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A look at Dell rugged products in the lab and wild (Page 1)

A look at Dell rugged products in the lab and wild

Dell invited us to its offices in Texas to experience firsthand its work on its rugged notebooks and tablets. Panasonic Toughbook, look out.

Steven Bassiri | Oct 7, 2016 at 2:54 pm CDT - 3 mins, 24 secs time to read this page

Dell's Rugged and Extremely Rugged Products


A rugged military-grade product might not be what first comes to mind when you think of Dell, but over the past years, the company has shifted more resources towards building rugged notebooks to compete with the likes of the infamous Panasonic Toughbook. Rugged laptops and tablets have many uses ranging from the obvious military usage scenarios to the less obvious ones such as right through into the kitchen. Dell was kind enough to invite me to Texas where they gave me a firsthand account of their progress with their "Rugged" line of products. I also toured their labs and one of their Global Command Centers. Dell is not only a hardware company but they are also heavily invested in services. Dell's support system for their customers is one of the major benefits of Dell products, and all of their Rugged products will utilize Dell's in-house Global Command Centers, instead of an outsourced partner.

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Dell's four main products they showcased include the Latitude 14 Rugged, Latitude 14 Rugged Extreme, Latitude 12 Rugged Extreme, and their Latitude 12 Rugged Tablet. All of these products offer MIL-STD-810G certification, which they get from an independent lab. Over the years, their "Rugged" series of products has shifted from rebadged consumer counterparts, to fully redesigned products that might only use a part of the consumer version's PCB.

Since the target audience for these new products isn't your average consumer, but rather a corporation or governmental body that only upgrades once in a while, Dell is looking to hit very important upgrade cycles when it comes to hardware performance. It's the reason that the new products will mostly be based on Intel's Skylake microarchitecture, as it should serve customers well into the future.

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Their Extreme Rugged (Fully Rugged) products offer IP-65 ingress protection, should survive a 6-foot drop, are EMI shielded for use around explosives and hazardous locations, and provide "comprehensive" MIL-STD-810G certification. Their Rugged (also called Semi-Rugged) series offers IP-5X or greater ingress protection and will survive a 3-foot drop. From their experience building rugged products, Dell has realized that to provide a better product, they must build their products to exceed the requirements of certifications such as MIL-STD-810G. Dell even says that after the 6-foot drop test, their Rugged Extreme notebook might still be IP certified, which is something not widely promised by other brands.

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I will be reviewing a few of Dell's Rugged products, but I thought you might appreciate a little overview of what they have to offer. Dell has taken what looks to be a physically weak concept of the convertible tablet/notebook and produced the fully-rugged Latitude 12 Rugged Extreme. While some might question the frame and rotating display, the product should stand up to a beating just like the Latitude 14 Rugged Extreme. You might have noticed the RGB keyboards, but they aren't there only for show. Dell mentioned that in different lighting conditions, different colors could be useful, such as red at night.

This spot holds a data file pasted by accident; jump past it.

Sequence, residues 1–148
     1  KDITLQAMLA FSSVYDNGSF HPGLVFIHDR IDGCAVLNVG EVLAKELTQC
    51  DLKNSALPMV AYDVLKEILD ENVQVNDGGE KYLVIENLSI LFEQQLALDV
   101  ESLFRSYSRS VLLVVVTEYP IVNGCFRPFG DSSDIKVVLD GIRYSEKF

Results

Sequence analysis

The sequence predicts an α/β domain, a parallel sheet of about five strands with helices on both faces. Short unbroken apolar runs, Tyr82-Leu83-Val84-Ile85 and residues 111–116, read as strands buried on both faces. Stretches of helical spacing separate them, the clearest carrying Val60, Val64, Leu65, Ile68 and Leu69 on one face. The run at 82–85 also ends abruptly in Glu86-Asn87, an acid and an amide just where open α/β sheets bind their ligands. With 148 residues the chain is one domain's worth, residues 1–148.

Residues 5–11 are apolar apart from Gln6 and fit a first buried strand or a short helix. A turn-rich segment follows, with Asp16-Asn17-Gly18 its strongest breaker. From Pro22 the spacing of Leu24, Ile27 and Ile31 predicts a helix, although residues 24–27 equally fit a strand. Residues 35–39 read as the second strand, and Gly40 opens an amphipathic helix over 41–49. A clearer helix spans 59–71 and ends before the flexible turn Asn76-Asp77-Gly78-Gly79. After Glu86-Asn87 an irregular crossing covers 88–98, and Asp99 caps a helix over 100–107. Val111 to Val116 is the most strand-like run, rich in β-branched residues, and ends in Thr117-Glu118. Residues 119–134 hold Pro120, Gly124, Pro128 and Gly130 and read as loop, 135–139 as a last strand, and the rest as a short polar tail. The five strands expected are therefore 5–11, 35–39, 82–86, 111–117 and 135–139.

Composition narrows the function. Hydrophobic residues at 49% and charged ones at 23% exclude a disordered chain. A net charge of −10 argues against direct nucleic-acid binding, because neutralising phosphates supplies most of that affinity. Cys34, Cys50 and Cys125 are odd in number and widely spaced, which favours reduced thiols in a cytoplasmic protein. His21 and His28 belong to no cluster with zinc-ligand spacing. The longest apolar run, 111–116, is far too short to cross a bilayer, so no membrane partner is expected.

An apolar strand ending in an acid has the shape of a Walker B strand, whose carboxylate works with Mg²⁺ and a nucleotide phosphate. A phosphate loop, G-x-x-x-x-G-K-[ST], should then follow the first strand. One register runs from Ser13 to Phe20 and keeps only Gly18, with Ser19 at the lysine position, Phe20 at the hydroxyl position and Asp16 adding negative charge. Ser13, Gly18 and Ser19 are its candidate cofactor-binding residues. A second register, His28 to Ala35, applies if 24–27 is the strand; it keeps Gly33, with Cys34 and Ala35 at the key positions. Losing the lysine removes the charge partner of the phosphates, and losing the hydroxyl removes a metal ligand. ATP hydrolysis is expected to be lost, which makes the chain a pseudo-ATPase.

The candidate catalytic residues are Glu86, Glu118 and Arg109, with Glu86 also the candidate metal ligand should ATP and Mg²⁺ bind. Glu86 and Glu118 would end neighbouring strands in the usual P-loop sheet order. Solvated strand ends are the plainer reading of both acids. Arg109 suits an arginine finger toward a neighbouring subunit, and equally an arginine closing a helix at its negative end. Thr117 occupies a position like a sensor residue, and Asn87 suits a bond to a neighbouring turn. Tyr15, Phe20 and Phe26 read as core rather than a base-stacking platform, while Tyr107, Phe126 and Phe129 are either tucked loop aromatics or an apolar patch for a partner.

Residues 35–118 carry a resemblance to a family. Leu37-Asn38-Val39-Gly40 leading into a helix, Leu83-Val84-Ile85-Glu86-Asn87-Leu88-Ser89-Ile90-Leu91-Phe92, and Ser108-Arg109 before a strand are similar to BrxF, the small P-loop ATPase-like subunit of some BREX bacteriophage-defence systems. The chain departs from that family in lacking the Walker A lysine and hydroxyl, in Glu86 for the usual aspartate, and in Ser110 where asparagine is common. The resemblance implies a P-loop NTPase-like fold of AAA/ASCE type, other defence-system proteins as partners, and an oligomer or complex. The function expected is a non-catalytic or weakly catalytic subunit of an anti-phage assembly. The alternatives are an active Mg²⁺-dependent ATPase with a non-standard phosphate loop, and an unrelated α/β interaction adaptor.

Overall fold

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Dell's Latitude 12 Rugged tablet is attached to a keyboard dock in the picture. A rugged tablet has many uses out in the field, particularly when there is no need for a keyboard, such as an interactive map. We used these tablets attached to jet skis to display a map of Lake Travis, and we proceeded to race around the island as our position was tracked in real-time and displayed on the tablet.

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The Latitude 14 Rugged and Latitude 14 Rugged Extreme are what we traditionally think of as a rugged computer. Both carry Dell's 14-inch daylight-readable display and are equipped with the latest in high-performance hardware. Dell is using solid state storage instead of spinning disks, which makes a lot of sense considering the nature of the device. Both are the latest Dell has to offer in terms of durability, and we actually tossed the one on the right off a boat onto a rocky island multiple times. The notebook survived with some external scratches, and there it sits the day after.

Last updated: Jan 30, 2019 at 10:26 pm CST

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Steven Bassiri

ABOUT THE AUTHOR - Steven Bassiri

Steven went from a fledgling forum reader in 2003 to one of the internet's brightest tech stars by 2010. Armed with an information systems degree, a deep understanding of circuitry, and a passion for tech, Steven (handle Sin0822) enjoys sharing his deep knowledge with others. Steven details products down to the component level to highlight seldom explained, and often misunderstood architectures. Steven is also a highly decorated overclocker with several world records.

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